Allesverloren landscape

Haskell vineyards on the Helderberg.

Swartland panorama from Pulpit Rock

  • Home
    Home This is where you can find all the blog posts throughout the site.
  • Categories
    Categories Displays a list of categories from this blog.
  • Tags
    Tags Displays a list of tags that have been used in the blog.
  • Login
    Login Login form

Events

Posted by on in Events

 

b2ap3_thumbnail_WWW---Bon-Courage.jpg

 

 

One of the most popular of the several festivals hosted by Robertson Wine Valley every year is the Wacky Wine Weekend. This year’s three-day celebration takes place from 7 – 9 June and attracts a diversity of visitors, from wine connoisseurs to keen novices, from those wanting a country escape to families & friends travelling to this fair valley to “taste the lifestyle”.

There is so much more to do than sample and buy your favourites from the wide variety of quality wines being poured by more than 30 wineries in Ashton, Bonnievale, McGregor and Robertson region. Along with tours and pairings, live music and food stalls, some farms are serving impressive country cuisine while others are offering hands-on winemaking experiences with a difference.

Here are three of the many vinous highlights of this year’s WWW:

*Arendsig is a family wine farm in the Bonnievale area where Lourens van der Westhuizen makes some of the finest single vineyard wines in the Cape. Sample these including some rare older vintages along with hearty food on Friday evening or book for a gourmet dinner paired with his wines on the Saturday night.

 

*Head to McGregor where resident garagiste Ilse Schutte will pair her unique Bemind wines with delectable fare created by talented cook (and family member) Corli van Wyk on Saturday evening. The quality of both wine and fare is guaranteed! Book soon.

 

* Go  to Weltvrede estate on the Breede banks near Bonnievale to learn how to  make your own Cap Classique. This is an hour long lesson, costs R150 and requires booking. A bubbly time is guaranteed!

 

Weekend pass tickets are available at www.howler.co.at R200pp and R150pp for pensioners. Children under 18 enter for free. Visitors should go to the festival website www.wackywineweekend.com to tailormake their own itineraries.

And be proud that your tickets are helping to raise funds for the Thunderchild project, one of the most inspiring and successful charities I have ever come across .See www.thunderchild.co.za. The wine is wonderful, by the way!

 

Book accommodation soon as this is one of the most popular festivals in the country. Contact the Robertson Wine Valley office on 023 626 3167, emailadmin@robertsonwinevalley.com or visit www.robertsonwinevalley.com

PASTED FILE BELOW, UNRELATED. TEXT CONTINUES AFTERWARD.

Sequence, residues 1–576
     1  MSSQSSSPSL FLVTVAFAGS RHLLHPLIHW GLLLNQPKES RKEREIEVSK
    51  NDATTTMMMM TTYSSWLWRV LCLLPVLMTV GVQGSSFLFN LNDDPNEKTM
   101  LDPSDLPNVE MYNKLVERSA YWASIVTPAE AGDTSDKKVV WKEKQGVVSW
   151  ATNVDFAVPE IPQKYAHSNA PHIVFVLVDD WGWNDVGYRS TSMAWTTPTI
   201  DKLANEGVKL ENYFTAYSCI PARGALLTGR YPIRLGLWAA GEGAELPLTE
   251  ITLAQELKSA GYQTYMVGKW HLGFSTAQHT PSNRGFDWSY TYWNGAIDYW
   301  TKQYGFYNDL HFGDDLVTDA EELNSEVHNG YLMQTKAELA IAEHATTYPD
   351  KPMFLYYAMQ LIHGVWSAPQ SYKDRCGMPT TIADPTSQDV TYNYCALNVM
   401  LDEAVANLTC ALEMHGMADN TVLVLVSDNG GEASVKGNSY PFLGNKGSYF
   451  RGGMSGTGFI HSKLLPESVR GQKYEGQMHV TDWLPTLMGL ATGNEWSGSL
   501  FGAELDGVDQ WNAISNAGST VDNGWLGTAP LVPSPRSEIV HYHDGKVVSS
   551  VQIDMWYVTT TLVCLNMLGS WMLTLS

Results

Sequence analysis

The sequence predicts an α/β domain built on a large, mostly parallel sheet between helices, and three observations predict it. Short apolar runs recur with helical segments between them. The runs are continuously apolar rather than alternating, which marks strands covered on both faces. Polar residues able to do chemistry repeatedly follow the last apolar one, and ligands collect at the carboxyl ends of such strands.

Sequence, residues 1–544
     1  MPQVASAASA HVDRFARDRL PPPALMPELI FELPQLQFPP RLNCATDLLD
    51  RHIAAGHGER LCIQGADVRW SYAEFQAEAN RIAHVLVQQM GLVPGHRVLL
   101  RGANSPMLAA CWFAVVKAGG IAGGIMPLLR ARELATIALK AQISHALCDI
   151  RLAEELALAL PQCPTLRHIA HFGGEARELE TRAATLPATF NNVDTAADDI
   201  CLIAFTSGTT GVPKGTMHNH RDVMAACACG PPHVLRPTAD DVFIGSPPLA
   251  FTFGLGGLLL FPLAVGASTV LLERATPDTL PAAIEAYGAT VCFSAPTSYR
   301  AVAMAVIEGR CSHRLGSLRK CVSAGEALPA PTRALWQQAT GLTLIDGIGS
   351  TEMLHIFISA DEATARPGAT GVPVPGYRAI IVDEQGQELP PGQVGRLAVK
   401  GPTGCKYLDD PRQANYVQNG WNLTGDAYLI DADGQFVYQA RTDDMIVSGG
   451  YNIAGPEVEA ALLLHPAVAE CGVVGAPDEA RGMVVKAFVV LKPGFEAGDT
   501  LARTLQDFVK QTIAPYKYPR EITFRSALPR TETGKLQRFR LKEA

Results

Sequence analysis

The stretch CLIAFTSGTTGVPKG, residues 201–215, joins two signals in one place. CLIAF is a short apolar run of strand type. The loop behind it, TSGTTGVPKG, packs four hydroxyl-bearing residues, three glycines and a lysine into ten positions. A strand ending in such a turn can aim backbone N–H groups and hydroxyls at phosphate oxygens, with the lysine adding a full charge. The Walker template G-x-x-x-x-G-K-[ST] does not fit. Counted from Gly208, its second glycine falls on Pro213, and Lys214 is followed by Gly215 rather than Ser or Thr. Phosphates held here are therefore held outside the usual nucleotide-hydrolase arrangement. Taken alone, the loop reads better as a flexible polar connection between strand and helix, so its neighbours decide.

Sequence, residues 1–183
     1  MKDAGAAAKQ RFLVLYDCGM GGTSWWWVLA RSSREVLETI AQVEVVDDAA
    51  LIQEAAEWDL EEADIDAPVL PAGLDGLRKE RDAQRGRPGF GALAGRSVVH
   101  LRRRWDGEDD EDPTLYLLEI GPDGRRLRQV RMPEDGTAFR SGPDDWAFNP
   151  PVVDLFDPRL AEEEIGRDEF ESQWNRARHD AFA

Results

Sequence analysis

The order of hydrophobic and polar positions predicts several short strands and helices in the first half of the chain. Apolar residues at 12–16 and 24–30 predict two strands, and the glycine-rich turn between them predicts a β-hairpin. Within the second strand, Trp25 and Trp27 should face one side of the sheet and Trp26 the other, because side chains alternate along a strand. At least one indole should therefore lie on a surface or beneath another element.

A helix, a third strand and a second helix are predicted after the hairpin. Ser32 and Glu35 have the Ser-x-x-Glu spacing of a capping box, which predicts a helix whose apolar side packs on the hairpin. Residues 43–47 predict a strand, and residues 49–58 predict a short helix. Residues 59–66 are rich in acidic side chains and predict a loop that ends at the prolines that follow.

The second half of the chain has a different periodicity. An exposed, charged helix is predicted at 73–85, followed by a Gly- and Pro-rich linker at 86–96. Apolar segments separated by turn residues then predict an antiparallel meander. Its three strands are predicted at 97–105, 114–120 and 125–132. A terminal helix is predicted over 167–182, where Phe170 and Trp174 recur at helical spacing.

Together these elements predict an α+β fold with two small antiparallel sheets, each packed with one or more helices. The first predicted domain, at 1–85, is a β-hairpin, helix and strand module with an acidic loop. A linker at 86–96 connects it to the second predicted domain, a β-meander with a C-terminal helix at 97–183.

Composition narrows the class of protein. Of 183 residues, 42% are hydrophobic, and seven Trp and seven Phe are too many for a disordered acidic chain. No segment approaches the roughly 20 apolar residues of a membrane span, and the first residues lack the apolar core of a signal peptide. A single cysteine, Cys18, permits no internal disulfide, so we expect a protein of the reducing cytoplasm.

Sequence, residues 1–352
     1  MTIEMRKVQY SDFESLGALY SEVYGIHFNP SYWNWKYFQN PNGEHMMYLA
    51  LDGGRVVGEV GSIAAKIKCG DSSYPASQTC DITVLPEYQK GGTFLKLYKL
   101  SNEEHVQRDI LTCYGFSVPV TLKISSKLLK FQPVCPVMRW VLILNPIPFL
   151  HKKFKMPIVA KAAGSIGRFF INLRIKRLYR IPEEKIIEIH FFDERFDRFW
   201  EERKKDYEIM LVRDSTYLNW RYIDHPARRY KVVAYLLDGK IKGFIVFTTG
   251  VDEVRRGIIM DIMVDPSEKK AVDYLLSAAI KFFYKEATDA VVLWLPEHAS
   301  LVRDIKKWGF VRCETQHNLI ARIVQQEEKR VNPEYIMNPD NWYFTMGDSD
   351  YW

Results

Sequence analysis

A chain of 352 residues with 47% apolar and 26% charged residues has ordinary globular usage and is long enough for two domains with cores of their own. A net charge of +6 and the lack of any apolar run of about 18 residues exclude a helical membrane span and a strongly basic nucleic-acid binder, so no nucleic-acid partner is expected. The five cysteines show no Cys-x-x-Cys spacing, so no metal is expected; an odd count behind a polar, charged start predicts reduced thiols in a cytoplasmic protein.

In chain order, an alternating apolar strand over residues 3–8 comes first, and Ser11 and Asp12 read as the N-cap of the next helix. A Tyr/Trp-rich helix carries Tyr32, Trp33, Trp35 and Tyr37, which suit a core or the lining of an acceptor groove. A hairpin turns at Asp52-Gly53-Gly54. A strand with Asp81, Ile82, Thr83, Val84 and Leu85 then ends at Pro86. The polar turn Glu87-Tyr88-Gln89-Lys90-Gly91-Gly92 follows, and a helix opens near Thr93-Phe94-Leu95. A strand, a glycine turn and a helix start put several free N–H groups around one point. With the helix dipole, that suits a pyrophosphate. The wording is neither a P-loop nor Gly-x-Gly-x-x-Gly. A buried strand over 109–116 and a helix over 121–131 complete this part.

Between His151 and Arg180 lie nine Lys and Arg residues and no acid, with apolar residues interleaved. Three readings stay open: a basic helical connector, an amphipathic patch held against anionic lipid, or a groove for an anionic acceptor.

Last modified on
0

Posted by on in Events

TASTING PLEASURES IN THE SPOTLIGHT AT HERMANUS FYNARTS WINE PLUS 2019

b2ap3_thumbnail_Wine-Plus-2019.jpg

 

The sixth Wine Plus programme – now a firm favourite of the dynamic Hermanus FynArts festival – takes a few new turns this year. Although each of the seven presentations is a well-worth stand-alone, the complete series is designed to fulfil  the theme of offering instruction on enhancing the pleasure inherent in tasting a range of fine wines.

 

This year Wine Plus has a new home and date slot, the latter scheduled for Thursday to Sunday, June 13-15 taking place at The Wine Glass in Hermanus, a venue well geared to provide sustenance from their popular menu.

 

Exploring the theme - the tasting pleasures of  fine  wine – will offer those less familiar with the how and what with an introduction and guide to tasting today.

 The programme will  offer ‘snapshots’ of three of today’s newsworthy regions and three varietal wines that define our unique winelands. 

Wine Plus is curated for its sixth iteration by Melvyn Minnaar, who was honoured last year by Veritas for his contribution to SA wine. Presenters comprise some of the movers and shakers in contemporary local world of wine.

To start the series,  Master of Wine, Cathy van Zyl will share her passion, labelled “Discovering the Pleasure” on Thursday, 13th. Her choice of eight wines include both the reinvented classics and the thrill of the new.

Later that afternoon Bevan Newton Johnson of the well-known wine family will join Cathy van Zyl to present their selection of the super stars in A Snapshot of Hemel-en-Aarde. Once again expect the unusual and the well-known.

 

b2ap3_thumbnail_wine-plus-2019-2.jpg

 

Friday, 14th, sees A Snapshot of Constantia with  Boela Gerber, celebrated winemaker at Groot Constantia, and his regional colleagues Danna de Jongh of Constantia Uitsig and Brad Paton of Buitenverwachting together with  eight super wines.

 

b2ap3_thumbnail_wine-plus-2019-3.jpg

For A Snapshot of the Swartland, the international-acclaimed winemaking team Chris and Andrea Mullineux have selected wines from the likes of David & Nadia, JC Wickens, The Sadie Family, AA Badenhorst and their own.

Saturday, 15th, the tasting-talks focus on two of South Africa’s standout individual varietals.

Celebrating, as it turns out, International Chenin Blanc Day, A Snapshot of Chenin Blanc brings Alastair Rimmer, cellarmaster at Kleine Zalze, to the morning session. Supported by the SA Chenin Blanc Association, expect showstoppers.

 

b2ap3_thumbnail_wine-plus-2019-4.jpg

 

The latter too will feature  Mr Pinotage himself, Beyers Truter who presents A Snapshot of Pinotage in the afternoon session. Supported by the SA Pinotage Association, he will show regional styles and ageability.

Wine Plus concludes on a fitting sparkling note on Sunday morning, June 16 with the now traditional bubbly presentation. MCC master Pieter Ferreira is joined for A Snapshot of Méthode Cap Classique by Paul Gerber of Colmant to showcase the latest of the best. Supported by the Cap Classique Producers’ Association.

Bookings via www.webtickets.co.za or www.hermanusfynarts.co.za

More Information, call  0609575371 or 0283122629

            

Last modified on
0

Posted by on in Events

 

b2ap3_thumbnail_paarl-harvest-celebration-2019.jpg

There’s no need to drive between the nine farms taking part in the 2019 Paarl Harvest Celebration – a hop on, hop off shuttle will transport visitors from one to the next , leaving every 15 minutes.

The event takes place on Saturday March 02, starting at 8am. Taking part are Boland Cellar, Domaine Brahms, Mellasat Vineyards, Nederburg, Perdeberg Winery, Rhebokskloof Wine Estate, Simonsvlei, Vendome and Windmeul Cellar.